Dressing and personal grooming tips for that “perfect look”.

One of the most common questions I’m asked when I get called into a project (portraits, advertising, workplace etc.) is, “What should I wear?”  For the most part, the answer is simple. Wear what you would wear if you are meeting the viewer of the website/magazine/signage in person. If there are several different types of people viewing the image, dress for the audience that will impact your business the most … or to whom the business use of the image is aimed. 

But, as they say, the devil is in the details. Opt for something to wear that is a comfortable style for you. That doesn’t mean formal dress is out. Many business people, especially those who work in a formal business environment, feel more at ease in a tie and suit. So, if it fits the image purpose, a white shirt, dark suit and dark tie are perfectly acceptable. However, physical comfort as well as the attractiveness of the final product is largely influenced by the actual fit of your clothing. So please choose apparel that fits your body correctly.

Tasteful and subtle is usually best, but “Bold and Dramatic” can work as well if that is appropriate for your company and is the message you want to convey. In fact, a small but significant sample of bold color can improve the composition of an otherwise subtle or monochromatic image.  And there is an entire spectrum of boldness you may opt for so you can choose to be bold, “tastefully.” That being said, big patterns usually don’t look good in the final image because they tend to dominate the frame, taking attention away from the primary subject (such as the person’s face) and overwhelm any subtle background cues we are trying to convey. Large and colorful jewelry or scarves can distract from the main focal point as well.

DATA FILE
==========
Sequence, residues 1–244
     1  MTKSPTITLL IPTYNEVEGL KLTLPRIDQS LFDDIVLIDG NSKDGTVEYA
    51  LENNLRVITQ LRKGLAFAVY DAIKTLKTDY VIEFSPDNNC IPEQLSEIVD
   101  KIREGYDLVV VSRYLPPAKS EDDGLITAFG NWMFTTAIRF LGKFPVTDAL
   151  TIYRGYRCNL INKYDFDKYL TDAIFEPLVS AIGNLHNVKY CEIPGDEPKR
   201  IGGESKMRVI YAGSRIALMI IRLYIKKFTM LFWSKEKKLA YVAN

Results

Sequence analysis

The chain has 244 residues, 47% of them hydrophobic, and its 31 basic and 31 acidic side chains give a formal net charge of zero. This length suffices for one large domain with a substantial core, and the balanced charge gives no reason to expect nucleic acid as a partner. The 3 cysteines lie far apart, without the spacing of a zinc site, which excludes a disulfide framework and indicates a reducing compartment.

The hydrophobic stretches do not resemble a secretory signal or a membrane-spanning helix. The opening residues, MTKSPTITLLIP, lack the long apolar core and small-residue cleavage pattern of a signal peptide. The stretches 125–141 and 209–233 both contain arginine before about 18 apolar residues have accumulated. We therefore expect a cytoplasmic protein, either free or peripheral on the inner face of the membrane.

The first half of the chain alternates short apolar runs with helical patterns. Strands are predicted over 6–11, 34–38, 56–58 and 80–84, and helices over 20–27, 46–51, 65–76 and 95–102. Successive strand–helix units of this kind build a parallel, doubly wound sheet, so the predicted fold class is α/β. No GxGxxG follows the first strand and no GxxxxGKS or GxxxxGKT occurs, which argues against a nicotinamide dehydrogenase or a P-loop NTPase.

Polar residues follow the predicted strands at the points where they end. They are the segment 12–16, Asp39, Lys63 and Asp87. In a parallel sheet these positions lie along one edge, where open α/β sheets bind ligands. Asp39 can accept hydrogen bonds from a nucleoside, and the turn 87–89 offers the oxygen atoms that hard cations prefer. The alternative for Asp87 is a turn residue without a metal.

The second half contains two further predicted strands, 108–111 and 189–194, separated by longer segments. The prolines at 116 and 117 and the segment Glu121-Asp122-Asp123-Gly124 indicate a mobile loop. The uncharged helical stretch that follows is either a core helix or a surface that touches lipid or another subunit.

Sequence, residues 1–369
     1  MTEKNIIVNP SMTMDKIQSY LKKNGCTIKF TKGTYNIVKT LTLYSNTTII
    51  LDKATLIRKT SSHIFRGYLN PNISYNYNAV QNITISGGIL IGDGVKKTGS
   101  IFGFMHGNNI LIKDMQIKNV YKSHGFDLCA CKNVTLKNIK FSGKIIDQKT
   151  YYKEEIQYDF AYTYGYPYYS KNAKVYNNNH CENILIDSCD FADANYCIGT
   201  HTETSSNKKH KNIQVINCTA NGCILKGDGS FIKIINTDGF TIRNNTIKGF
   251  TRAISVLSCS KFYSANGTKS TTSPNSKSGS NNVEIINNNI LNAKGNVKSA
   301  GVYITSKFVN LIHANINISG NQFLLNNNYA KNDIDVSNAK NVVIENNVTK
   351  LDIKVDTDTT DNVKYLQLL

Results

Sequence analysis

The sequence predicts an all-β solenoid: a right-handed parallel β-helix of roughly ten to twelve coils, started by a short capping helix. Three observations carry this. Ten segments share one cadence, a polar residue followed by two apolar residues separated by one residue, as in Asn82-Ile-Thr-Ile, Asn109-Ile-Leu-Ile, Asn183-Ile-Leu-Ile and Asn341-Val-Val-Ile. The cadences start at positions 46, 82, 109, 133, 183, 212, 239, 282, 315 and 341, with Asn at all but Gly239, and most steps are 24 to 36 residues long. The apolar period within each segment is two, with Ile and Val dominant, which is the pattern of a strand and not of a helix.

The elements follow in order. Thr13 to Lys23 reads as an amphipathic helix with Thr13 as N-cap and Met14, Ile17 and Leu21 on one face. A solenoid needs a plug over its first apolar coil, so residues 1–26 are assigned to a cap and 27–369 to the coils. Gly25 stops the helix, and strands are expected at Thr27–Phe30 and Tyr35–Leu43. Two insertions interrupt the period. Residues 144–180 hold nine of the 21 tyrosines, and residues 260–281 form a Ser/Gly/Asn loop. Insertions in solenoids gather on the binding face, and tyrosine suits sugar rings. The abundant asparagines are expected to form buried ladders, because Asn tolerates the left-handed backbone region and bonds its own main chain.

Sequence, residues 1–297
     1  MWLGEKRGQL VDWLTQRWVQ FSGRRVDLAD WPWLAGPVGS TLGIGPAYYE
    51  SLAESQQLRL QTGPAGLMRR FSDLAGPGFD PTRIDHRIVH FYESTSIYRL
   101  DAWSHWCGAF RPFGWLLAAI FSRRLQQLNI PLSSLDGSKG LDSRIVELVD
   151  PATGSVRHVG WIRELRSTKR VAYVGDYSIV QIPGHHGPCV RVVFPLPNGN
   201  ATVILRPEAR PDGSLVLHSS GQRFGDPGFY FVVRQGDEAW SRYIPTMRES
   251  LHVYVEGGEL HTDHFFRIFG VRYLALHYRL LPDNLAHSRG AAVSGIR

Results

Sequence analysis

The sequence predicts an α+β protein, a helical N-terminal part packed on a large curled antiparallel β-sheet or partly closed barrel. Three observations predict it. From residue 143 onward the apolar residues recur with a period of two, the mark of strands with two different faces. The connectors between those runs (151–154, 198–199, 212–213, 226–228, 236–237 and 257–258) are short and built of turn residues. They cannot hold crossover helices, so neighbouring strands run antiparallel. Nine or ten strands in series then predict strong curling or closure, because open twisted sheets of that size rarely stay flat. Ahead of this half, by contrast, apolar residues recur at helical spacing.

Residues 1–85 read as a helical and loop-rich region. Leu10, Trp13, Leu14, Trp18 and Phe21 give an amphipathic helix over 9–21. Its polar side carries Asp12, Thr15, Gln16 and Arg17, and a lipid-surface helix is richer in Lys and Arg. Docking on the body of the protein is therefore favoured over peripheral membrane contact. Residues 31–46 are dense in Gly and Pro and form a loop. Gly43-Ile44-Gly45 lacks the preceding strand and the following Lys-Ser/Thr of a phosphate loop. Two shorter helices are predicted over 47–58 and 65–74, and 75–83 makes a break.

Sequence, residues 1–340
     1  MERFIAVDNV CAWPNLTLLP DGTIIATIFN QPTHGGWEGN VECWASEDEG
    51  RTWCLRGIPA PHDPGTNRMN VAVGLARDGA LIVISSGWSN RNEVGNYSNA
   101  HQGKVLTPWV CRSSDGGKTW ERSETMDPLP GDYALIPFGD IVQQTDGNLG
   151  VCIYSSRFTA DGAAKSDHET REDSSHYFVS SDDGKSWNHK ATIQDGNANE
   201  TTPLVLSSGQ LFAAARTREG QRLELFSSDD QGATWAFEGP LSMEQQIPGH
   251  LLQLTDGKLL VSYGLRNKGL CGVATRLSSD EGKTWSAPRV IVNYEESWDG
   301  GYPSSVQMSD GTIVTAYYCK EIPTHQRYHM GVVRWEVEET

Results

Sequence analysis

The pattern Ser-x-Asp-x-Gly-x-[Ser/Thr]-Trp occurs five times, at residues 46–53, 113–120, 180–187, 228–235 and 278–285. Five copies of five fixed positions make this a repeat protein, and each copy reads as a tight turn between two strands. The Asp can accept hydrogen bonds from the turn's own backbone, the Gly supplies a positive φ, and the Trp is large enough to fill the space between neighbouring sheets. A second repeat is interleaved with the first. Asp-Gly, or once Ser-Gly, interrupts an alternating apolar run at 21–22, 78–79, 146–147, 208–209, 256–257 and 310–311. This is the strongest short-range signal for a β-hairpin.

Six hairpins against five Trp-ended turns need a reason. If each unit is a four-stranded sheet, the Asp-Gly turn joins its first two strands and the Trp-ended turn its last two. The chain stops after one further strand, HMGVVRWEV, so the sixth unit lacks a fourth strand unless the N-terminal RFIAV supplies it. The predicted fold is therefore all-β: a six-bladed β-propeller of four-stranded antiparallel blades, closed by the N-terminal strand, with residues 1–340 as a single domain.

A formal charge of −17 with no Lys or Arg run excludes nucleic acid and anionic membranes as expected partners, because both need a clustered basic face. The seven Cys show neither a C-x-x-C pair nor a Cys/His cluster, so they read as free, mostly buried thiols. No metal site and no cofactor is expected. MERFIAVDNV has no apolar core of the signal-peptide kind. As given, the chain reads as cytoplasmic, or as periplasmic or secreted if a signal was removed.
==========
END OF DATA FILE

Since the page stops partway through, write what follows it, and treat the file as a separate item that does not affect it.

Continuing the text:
As far as color and smaller patterns go, there is great flexibility. Make sure the color you choose complements your complexion, but contrasts enough so background, jackets, skin tone, etc. don’t “blend” into the clothing.  Stripes don’t have to be avoided, but in cases where the background is complex, the background images may have to be blurred a bit. Whites and blacks used to be avoided in photography because they were somewhat difficult to capture on film.  This is no longer the case, so avoiding them is no longer necessary.